April 23rd, 2002

Semiformalishmaybe

Relevation and Denial

An impression. Something you are expected to take for yourself, an expected partaking. But you hold back. They get angry. By not conforming, by not honoring the tradition, you are defiling it. At this point, you don't want to forego completely, you're just sleepy or tired, and want to delay it. You are not allowed. This is one of my memories. It shapes who I am. A mind is thick with these impressions, these defining memories. We may be the sum of our memories, but some of them are far more definitive than others.

My life is actually moving. I can see the shores recede. It was a good new direction to accept this job. Maybe I should've left sooner. The old job was slowly raising the temperature, and I would've boiled with hardly a notice if I had stayed. I think that if I explain it all, I'll be ready to forget it all. I wrote a letter that I never delivered to my ex-boss. A phrase -- opening ones mouth in anger often leads to things best not said. So I didn't. I wonder if I would've hated the job I left if I had expressed that anger. Does expression change what is being expressed? Here is my final word, and I will regain innocence. I censor it slightly, but not much. Do not sip too deeply, it is bile.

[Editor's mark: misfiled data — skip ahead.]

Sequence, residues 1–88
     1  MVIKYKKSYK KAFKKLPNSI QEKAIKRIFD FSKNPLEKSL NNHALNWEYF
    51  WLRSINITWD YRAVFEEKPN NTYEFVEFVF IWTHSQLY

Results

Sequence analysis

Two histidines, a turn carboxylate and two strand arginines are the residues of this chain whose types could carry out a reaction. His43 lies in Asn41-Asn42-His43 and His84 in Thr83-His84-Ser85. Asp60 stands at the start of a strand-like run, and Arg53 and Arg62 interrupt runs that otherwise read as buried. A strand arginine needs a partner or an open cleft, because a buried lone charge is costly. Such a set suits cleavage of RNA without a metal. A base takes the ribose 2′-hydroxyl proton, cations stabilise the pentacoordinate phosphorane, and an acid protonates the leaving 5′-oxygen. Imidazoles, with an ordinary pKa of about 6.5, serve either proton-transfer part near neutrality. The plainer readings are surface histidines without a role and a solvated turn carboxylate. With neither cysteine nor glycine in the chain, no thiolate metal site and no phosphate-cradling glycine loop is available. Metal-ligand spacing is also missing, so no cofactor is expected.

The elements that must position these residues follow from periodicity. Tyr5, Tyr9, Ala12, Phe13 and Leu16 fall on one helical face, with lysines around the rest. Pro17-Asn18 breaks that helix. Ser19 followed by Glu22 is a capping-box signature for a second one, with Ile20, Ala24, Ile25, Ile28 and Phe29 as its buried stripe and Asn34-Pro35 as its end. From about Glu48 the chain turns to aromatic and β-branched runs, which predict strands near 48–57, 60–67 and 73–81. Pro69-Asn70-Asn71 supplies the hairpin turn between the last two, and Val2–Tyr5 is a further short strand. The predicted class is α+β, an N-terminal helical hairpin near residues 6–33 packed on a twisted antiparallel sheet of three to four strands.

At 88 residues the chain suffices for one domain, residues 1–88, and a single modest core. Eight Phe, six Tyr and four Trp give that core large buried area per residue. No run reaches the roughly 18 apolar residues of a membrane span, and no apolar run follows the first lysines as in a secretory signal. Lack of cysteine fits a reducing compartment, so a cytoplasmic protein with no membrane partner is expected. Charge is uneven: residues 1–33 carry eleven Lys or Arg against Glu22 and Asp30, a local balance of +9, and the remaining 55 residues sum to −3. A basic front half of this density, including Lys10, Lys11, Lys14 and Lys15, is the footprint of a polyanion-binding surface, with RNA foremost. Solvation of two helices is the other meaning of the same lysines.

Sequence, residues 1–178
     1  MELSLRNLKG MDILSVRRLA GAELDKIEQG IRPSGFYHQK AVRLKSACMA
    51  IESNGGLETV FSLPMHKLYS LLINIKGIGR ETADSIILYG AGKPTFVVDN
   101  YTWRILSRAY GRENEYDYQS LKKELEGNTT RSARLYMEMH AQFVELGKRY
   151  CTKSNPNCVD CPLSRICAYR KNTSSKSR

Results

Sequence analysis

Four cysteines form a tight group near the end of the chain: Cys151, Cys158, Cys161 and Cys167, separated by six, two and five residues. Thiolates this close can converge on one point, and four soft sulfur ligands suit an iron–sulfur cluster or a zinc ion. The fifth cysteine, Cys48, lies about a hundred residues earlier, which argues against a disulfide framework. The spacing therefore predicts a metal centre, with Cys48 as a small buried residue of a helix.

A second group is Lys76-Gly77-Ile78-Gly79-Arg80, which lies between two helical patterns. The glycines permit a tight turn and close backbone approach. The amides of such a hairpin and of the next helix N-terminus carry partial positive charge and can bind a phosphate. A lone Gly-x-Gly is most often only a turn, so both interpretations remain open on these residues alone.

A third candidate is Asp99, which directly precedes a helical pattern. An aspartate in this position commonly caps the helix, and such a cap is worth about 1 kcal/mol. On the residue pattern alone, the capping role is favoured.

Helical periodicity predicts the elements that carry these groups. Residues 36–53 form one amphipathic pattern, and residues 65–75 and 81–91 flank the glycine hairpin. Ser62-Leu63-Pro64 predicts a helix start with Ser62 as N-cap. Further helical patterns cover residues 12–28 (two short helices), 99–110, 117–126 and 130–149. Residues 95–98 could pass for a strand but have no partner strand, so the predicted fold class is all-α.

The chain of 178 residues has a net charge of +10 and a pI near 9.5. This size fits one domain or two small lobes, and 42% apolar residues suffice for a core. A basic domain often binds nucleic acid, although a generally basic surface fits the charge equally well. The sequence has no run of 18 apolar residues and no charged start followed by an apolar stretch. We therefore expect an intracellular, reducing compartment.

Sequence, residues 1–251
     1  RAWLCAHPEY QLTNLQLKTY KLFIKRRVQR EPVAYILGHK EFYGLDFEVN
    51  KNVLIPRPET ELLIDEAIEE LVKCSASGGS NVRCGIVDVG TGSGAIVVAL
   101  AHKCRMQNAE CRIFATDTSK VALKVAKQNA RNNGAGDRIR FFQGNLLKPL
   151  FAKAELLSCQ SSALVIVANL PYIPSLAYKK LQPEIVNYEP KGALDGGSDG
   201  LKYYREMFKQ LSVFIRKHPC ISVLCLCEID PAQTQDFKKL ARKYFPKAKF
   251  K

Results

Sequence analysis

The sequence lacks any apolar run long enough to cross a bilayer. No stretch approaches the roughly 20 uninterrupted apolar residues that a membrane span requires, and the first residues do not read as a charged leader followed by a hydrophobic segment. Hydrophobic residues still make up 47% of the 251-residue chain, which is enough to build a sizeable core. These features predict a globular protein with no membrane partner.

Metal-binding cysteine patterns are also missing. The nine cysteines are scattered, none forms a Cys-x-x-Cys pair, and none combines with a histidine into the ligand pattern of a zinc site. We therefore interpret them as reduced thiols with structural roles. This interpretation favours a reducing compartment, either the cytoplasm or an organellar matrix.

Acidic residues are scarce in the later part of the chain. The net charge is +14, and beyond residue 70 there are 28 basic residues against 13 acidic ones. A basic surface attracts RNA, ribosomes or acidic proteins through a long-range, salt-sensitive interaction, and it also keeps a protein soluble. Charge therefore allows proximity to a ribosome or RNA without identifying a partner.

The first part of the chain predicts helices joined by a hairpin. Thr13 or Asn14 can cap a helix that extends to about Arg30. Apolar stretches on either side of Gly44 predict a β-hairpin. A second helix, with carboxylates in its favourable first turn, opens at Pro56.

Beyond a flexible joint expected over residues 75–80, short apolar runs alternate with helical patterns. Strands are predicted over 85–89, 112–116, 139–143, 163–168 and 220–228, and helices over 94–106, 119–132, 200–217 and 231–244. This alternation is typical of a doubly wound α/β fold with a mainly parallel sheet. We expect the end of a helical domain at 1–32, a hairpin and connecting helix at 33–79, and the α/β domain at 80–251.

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<p>An impression. Something you are expected to take for yourself, an expected partaking. But you hold back. They get angry. By not conforming, by not honoring the tradition, you are defiling it. At this point, you don't want to forego completely, you're just sleepy or tired, and want to delay it. You are not allowed. This is one of my memories. It shapes who I am. A mind is thick with these impressions, these defining memories. We may be the sum of our memories, but some of them are far more definitive than others.</p><p>My life is actually moving. I can see the shores recede. It was a good new direction to accept this job. Maybe I should've left sooner. The old job was slowly raising the temperature, and I would've boiled with hardly a notice if I had stayed. I think that if I explain it all, I'll be ready to forget it all. I wrote a letter that I never delivered to my ex-boss. A phrase -- opening ones mouth in anger often leads to things best not said. So I didn't. I wonder if I would've hated the job I left if I had expressed that anger. Does expression change what is being expressed? Here is my final word, and I will regain innocence. I censor it slightly, but not much. Do not sip too deeply, it is bile.<HR width="20%><FONT COLOR="red">Edited after the fact, on 7 May 2002. I snipped my final word. See7 May 2002's entry for reasons and stuff. Instead, I simply will summarizewhy I left as the following:</p><ul><li>I was being asked to wear three hats: Sysadmin, Developer, and Support person. It was hurting my performance in each</li><li>I had a negligable support role, but it was being increased, and it was clear that it would continue to increase for awhile</li><li>People kept leaving/being fired from the company, both taking away people I liked and making it hard for me to get information I needed</li><li>The work environment was very noisy -- all throughout the building there was office music and noise dampeners</li><li>I felt that he didn't trust me</li><li>He blamed me for things that were the fault of the previous sysadmin</li><li>He took aspects of my job and did them wrongly</li><li>He didn't seem to have as much of a concern for good programming practice or systems maintenance as I felt was responsible</li><li>Finally, he insulted me in the middle of a meeting when I expressed displeasure at his unilateral change in my hours</li></ul><p>He's not a bad guy, he just made working there too difficult and stressful for me.</FONT><HR width="20%"></p><p>And there it is. The new job looks like it will have none of these problems. The pay is at a rate where I'm quite content, everyone seems to get along with each other, there's no continual feeling of panic and doom, and, perhaps most importantly, I don't anticipate being insulted in the middle of a meeting here. I gave no notice of my departure at the previous job... I was thinking of taking one of the job offers before, and was starting to pull my books back home, but wasn't quite sure if I wanted to leave. Then, McLeod changed my schedule without even asking me and made it clear that I was to fill a lot more of a support role. I said <I>I can't say I'm thrilled about that</I>, and he got angry, and insulted me. Heck, I might've even stayed if that hadn't happened. Instead, I swallowed the humiliation and anger, gave a false apology, and resolved to take one of the offers. That was my last day. I was unsure, but I guess I'm looking back, pleased that I left.</p><p>I decided to subscribe to match.com .. I wonder if I'll have any luck finding someone. I rode my bike to work today, the second day of the new job. When I arrived, my ears felt like they were bleeding, and I was tired, but the trip back wasn't so bad. After enough of this, I might be reasonably close to being in shape, perhaps. I like my new bike. I like my working laptop. I like my new job. I do miss my former workmates, even McLeod. Still, I seem to be on a better track now. And now, Jeff is going to stop by and we're gonna grab dinner. Off I go.